Population-based screening with full-field digital mammography is associated with lower recall and biopsy rates than screen film mammography, suggesting that full-field digital mammography may reduce the number of diagnostic workups and biopsies that do not lead to diagnosis of breast cancer, according to a new study.
National Institutes of Health

Contact: Linda Brooks
lbrooks@rsna.org
630-590-7762
Radiological Society of North America

Public Release: 31-Mar-2014
Sleep
Poor sleep quality linked to cognitive decline in older men
A new study of older men found a link between poor sleep quality and the development of cognitive decline over three to four years.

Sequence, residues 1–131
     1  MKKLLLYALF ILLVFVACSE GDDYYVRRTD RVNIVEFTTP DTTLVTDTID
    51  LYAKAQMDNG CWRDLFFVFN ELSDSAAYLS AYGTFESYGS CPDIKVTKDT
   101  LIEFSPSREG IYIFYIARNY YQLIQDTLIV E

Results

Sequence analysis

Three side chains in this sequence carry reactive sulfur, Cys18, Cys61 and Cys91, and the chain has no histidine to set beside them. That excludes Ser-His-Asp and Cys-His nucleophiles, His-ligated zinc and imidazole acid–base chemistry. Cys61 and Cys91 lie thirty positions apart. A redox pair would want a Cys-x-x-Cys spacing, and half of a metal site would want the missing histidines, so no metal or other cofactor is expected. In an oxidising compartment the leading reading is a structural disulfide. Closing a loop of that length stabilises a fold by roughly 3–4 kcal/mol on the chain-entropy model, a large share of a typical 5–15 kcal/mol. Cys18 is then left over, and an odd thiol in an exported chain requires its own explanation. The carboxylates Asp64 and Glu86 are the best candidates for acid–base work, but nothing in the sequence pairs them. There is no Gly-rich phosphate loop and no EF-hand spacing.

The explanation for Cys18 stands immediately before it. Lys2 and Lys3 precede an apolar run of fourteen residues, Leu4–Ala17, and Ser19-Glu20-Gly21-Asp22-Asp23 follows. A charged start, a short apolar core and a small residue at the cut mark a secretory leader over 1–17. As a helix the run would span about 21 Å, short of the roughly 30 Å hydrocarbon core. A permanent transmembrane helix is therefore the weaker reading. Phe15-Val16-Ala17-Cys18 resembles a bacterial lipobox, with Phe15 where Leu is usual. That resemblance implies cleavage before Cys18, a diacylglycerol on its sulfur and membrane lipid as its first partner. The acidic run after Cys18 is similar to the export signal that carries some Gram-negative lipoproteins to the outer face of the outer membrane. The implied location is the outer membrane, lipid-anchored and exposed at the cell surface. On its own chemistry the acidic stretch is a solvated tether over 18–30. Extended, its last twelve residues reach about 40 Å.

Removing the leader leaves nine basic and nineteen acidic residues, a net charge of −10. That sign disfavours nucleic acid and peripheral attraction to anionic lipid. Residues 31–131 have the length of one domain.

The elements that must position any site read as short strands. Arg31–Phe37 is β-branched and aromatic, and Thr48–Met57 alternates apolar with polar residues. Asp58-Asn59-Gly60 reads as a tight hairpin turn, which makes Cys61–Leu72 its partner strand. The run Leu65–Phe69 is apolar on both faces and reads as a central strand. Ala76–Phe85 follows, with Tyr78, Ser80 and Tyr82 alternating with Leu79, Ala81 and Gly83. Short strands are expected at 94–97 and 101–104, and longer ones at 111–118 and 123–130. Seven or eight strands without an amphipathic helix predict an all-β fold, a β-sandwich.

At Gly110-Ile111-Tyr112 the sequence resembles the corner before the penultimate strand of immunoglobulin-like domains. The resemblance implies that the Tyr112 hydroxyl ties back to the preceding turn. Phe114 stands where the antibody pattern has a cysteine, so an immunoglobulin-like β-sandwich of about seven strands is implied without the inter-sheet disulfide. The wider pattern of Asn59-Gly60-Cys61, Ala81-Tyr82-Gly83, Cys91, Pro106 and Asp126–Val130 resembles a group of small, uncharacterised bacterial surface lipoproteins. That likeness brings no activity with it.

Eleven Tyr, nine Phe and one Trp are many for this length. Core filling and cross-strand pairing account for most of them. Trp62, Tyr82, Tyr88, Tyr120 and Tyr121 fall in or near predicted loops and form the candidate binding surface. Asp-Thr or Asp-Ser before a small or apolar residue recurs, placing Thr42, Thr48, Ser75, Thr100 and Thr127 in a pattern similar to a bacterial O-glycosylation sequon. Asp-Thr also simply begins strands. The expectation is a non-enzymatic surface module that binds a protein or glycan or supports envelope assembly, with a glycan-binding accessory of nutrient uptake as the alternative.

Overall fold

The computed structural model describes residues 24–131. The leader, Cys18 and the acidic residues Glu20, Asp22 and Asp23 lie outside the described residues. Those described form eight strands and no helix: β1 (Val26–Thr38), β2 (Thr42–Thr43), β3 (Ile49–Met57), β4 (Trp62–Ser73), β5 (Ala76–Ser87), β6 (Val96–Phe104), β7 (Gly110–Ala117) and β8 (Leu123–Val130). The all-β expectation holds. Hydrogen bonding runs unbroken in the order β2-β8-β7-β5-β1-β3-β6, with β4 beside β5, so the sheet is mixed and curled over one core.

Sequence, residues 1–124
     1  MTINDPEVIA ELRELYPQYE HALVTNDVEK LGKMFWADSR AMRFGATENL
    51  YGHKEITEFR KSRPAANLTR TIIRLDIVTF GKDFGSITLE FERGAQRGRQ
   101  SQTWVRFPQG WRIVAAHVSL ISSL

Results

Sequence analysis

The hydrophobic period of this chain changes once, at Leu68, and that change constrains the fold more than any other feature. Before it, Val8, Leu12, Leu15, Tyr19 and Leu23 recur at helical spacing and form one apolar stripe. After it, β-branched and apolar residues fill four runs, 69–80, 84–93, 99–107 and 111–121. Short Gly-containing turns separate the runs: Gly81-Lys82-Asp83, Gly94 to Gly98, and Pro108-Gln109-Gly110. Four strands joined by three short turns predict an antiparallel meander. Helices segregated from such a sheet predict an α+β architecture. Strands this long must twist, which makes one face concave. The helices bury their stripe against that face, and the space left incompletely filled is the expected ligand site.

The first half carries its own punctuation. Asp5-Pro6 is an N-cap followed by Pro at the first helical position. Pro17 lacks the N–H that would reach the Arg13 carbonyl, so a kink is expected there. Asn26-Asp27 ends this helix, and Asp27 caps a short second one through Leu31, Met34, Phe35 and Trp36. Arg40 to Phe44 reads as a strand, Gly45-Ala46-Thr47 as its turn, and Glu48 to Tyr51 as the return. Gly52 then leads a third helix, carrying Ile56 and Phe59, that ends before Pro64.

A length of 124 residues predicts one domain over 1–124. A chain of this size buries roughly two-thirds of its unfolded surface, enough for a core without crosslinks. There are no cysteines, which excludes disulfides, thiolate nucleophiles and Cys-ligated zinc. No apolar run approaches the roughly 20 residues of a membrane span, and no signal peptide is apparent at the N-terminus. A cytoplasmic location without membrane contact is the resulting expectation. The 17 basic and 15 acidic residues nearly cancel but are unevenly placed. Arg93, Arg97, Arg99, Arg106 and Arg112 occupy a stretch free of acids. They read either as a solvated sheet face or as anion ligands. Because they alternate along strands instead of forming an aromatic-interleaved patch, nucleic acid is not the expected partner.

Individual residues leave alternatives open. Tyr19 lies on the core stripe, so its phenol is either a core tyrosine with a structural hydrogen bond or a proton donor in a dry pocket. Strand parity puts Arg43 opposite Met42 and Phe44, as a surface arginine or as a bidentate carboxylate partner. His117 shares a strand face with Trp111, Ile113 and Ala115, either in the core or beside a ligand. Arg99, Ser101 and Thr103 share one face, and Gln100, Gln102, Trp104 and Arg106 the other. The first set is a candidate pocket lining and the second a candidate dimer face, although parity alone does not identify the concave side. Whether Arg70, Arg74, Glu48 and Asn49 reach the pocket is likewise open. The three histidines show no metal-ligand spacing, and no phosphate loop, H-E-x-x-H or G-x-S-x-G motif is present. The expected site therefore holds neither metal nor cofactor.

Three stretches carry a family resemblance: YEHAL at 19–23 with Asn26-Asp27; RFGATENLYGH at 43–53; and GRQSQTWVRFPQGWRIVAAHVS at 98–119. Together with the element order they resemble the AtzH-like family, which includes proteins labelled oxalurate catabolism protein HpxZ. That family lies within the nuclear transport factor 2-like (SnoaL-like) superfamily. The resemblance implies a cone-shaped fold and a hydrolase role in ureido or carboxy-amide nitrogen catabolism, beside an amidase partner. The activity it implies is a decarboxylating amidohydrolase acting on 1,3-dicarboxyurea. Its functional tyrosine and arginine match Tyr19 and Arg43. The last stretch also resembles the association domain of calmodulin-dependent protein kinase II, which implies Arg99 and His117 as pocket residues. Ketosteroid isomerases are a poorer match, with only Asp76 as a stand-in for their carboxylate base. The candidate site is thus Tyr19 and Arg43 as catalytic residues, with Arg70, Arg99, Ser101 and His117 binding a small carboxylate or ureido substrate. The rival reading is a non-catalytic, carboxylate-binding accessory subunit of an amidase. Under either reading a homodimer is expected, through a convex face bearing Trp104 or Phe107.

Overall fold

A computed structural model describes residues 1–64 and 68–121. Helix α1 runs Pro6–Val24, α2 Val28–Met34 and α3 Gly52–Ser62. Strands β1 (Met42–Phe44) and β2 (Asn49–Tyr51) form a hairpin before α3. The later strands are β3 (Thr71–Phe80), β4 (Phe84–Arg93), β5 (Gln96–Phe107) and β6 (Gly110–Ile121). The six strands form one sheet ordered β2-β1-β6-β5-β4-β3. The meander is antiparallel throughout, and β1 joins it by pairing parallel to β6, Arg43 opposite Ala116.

NIH/National Heart, Lung, and Blood Institute, National Institutes of Health

Contact: Lynn Celmer
lcelmer@aasmnet.org
630-737-9700
American Academy of Sleep Medicine

Public Release: 31-Mar-2014
PLOS ONE
Vibration may help heal chronic wounds
Wounds may heal more quickly if exposed to low-intensity vibration, report researchers at the University of Illinois at Chicago.
National Institutes of Health

Contact: Jeanne Galatzer-Levy
jgala@uic.edu
312-996-1583
University of Illinois at Chicago

Public Release: 31-Mar-2014
Social Cognitive and Affective Neuroscience
Weaker gut instinct makes teens open to risky behavior
Making snap decisions usually means following your initial reaction -- going with your gut. But some adolescents are more likely to heed outside influences, leaving them vulnerable to risky behaviors. The study is part of a larger investigation of how teens make decisions based on body sensations and could help design prevention and treatment that hones in on risky decision-making.
National Institutes of Health

Contact: Karl Bates
karl.bates@duke.edu
919-681-8054